ReelBob: ‘Logan’

By Bob Bloom

“Logan” is far from your average superhero movie.

This latest venture into the Marvel Cinematic Universe is an intense drama surrounded by a thick aura of melancholy.

It is a bleak and sad experience, but a worthy farewell — at least for now — to two beloved Marvel characters.

The movie, set in 2029, finds an aged, worn-down and heavy-drinking Logan (Hugh Jackman), aka Wolverine, hiding out in Mexico with an ailing Dr. Charles Xavier (Patrick Stewart) and a grousing Caliban (Stephen Merchant).

Mutants are nearly extinct, and Logan, who works as a driver for hire, drinks to forget the past.

Logan’s self-imposed exile abruptly comes to an end when he is thrust into protecting and transporting a young girl with extraordinary gifts to safety.

The girl, Laura (newcomer Dafne Keen), is wanted by one of those sinister corporations that are trying to create super-soldiers by using DNA and other materials from mutants.

“Logan” bypasses the escapism normally associated with the genre.

This is a violent, profane feature that, when Logan is forced to unleash the Wolverine within him, sends heads rolling and limbs flying.

If this is the last hurrah for Jackman and Stewart, then director James Mangold, who also is one of the screenwriters, has given them a vehicle worthy of their talents.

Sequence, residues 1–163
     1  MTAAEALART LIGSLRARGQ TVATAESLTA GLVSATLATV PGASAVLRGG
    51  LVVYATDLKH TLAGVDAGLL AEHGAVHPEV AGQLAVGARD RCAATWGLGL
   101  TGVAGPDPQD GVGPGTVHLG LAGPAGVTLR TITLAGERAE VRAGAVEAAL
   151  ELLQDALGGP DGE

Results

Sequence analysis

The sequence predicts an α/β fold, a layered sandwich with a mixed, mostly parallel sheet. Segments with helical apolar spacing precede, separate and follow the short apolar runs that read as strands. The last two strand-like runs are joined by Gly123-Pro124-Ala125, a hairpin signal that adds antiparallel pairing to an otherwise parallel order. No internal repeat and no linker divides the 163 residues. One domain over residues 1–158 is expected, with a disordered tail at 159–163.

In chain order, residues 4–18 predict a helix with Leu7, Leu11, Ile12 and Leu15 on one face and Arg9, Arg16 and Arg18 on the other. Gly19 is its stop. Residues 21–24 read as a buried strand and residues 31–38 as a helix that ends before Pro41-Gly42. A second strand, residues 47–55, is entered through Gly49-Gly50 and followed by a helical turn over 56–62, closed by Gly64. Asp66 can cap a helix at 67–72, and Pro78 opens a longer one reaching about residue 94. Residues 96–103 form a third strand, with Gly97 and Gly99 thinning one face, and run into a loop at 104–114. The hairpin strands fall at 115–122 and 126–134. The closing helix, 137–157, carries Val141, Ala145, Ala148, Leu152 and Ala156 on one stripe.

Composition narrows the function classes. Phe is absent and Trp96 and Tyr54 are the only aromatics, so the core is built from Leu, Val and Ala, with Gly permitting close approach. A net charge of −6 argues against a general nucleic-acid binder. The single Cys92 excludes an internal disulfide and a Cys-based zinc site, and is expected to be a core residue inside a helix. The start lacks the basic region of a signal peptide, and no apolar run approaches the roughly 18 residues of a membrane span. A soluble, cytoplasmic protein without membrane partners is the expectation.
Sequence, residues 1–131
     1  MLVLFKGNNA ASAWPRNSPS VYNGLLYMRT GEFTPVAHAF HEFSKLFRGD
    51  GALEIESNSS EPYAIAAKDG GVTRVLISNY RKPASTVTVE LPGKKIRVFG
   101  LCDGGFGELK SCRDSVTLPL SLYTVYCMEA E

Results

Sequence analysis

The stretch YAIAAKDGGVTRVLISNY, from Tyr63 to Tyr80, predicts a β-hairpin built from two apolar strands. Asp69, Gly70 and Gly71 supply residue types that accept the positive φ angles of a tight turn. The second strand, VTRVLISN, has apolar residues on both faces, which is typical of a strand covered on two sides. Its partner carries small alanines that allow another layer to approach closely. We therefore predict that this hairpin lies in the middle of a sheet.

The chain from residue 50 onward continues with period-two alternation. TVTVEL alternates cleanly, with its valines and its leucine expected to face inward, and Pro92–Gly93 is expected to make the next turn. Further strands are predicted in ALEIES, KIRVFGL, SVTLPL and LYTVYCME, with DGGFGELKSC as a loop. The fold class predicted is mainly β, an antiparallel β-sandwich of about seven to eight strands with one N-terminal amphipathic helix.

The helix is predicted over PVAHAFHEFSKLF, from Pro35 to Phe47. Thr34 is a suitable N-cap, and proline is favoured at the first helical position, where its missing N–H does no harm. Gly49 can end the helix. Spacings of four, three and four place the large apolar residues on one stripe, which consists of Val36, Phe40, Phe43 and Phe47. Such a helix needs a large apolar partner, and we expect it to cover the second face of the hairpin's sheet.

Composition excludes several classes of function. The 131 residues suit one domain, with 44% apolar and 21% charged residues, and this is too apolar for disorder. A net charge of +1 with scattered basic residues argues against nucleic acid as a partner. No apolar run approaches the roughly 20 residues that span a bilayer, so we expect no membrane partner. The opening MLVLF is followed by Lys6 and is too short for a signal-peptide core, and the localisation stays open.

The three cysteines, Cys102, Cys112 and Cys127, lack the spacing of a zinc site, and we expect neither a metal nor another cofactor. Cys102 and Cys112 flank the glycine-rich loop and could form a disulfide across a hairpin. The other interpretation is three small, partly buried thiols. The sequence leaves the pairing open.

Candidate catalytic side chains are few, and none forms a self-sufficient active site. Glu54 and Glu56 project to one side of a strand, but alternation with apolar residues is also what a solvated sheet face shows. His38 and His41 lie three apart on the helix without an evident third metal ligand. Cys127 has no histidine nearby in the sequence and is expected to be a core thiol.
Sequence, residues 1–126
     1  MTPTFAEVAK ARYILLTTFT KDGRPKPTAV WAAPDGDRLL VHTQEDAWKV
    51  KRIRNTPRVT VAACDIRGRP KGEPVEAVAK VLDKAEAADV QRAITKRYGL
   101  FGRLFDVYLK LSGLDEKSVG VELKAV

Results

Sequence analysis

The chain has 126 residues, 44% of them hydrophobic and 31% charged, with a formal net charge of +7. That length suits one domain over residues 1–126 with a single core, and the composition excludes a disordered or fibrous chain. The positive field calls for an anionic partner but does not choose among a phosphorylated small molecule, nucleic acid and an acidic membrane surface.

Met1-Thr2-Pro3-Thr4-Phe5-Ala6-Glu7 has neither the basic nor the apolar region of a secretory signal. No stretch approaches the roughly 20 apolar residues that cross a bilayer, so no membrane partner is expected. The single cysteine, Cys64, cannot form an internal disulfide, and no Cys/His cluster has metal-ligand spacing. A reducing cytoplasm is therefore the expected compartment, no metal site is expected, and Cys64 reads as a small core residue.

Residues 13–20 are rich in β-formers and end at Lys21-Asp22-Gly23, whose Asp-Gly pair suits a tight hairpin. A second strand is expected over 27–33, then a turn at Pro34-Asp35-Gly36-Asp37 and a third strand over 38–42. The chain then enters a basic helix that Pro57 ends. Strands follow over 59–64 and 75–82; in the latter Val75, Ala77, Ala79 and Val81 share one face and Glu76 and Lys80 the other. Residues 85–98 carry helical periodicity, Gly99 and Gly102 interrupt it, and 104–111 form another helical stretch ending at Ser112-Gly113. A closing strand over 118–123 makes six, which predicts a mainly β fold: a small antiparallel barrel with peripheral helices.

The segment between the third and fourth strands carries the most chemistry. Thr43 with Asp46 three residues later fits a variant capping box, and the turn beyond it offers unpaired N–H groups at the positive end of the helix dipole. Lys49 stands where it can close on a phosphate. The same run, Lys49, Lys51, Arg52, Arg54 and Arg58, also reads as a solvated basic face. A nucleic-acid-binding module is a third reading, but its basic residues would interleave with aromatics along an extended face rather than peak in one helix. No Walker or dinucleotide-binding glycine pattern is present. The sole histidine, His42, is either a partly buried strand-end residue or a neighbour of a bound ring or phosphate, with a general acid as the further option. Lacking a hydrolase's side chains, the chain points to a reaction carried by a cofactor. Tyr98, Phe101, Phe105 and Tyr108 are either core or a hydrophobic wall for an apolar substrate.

It’s a bit disconcerting hearing Wolverine and Dr. X drop f-bombs as though they were in a Quentin Tarantino feature. However, the language is appropriate for the setting.

Stewart’s Dr. X has severe seizures that, when they erupt, have devastating effects on him and those around him.

Jackman’s Logan is resentful and angry about carrying the responsibility of driving Laura to a sanctuary in North Dakota where she, and many children like her, can cross the border into Canada where mutants will find sanctuary from hate, fear and extermination.

Despite the graphic and viscous violence, “Logan” is a movie with heart.

Logan may growl and complain about his unwanted charge, but he slowly comes to care — even love — the youngster, who is more like him than he can imagine.

At close to 135 minutes, “Logan” drags at times, and the villains are one-dimensional caricatures.

Still, “Logan” is a fitting sendoff for two pillars of a Marvel franchise that has been uneven and seems to be searching for a singular identity like its cinematic cousins at Disney,

That aside, “Logan” is a satisfying thriller that constrains the superhero spectacle in favor of emotional human drama.

A farewell valentine, “Logan” offers visceral excitement combined with empathy and soulful introspection.

Bob Bloom is a member of the Indiana Film Journalists Association. His reviews appear at ReelBob (reelbob.com) and Rottentomatoes (www.rottentomatoes.com). He also reviews Blu-rays and DVDs. He can be reached by email at bobbloomjc@gmail.com or on Twitter @ReelBobBloom.

LOGAN
(R), graphic violence, language, brief nudity
3½ stars out of 4

 

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